Okinawa, Japan

Today we set foot for the first time on Japanese soil. James is set for his excursion to the Okinawa battle sites and defensive tunnels. I have decided not to go on that excursion. Maybe a trip to town. But, first we must navigate the arduous task of getting through Japanese immigration. We have our temperature taken, photos, passports reviewed,and immigration cards inspected. Everyone on board, whether going ashore or not,must comply. Even the crew is inspected. The Japanese officials are donned in latex gloves and face masks. This is the most rigorous examination to enter a country that we have experienced. This island was home to a very large US military base. The Japanese asked us to significantly down size our presence and we did. It has left the economy here struggling. Tourism is now very important and they do have an alley at the port dedicated to local pottery makers and silk fabric painters. I decide to pass and head back on board the ship for a relaxing day on the balcony watching the occasional ship come through the clear blue water of the harbor.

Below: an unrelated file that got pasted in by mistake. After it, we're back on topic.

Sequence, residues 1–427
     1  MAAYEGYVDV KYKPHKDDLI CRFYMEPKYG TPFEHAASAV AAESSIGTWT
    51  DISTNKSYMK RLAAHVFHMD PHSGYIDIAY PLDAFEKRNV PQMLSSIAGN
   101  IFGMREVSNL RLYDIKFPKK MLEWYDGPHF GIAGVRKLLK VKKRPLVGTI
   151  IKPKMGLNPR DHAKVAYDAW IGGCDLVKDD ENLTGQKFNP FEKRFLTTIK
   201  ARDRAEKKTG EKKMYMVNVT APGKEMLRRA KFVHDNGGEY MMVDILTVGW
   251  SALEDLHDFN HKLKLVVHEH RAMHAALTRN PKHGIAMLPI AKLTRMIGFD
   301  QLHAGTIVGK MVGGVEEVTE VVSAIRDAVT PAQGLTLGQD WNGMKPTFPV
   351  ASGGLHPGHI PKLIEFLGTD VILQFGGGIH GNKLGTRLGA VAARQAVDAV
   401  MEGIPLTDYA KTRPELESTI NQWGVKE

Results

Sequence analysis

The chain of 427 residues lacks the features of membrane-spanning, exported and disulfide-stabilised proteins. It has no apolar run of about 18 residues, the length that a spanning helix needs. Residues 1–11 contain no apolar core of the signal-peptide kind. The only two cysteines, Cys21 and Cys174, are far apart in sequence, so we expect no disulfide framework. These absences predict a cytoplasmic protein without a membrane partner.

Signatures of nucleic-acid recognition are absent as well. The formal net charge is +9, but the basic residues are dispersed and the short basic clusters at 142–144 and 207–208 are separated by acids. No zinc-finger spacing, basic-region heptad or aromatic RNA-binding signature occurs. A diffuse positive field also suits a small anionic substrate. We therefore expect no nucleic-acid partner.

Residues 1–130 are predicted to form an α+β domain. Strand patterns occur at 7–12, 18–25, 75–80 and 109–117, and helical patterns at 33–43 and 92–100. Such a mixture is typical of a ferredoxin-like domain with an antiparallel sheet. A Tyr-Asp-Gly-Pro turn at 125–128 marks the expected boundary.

James heads off on the tour. I visit the deep tunnels that the Japanese had the local villagers and Korean slave labor carve out of the coral like ground. These tunnels were built to house several thousand Japanese defenders in their last ditch attempt to stop our invasion and take over of the island. We lost 12,500 men on this island but the Japanese lost over 200,000. Many local villagers also died in the cross fire. Because most Japanese soldiers were so throughly indoctrinated with propaganda by their leadership, they fought to the last man. Despite very heavy shelling from our ships off shore, the tunnels survived and permitted the defenders to continue the resistance. Eventually, we had to resort to flame throwers to eliminate them. As is the case in many parts of Japan, there are numerous peace memorials on the island. The battle fields are moving and sad. So many died here only two months before we ended the war with the A-Bomb.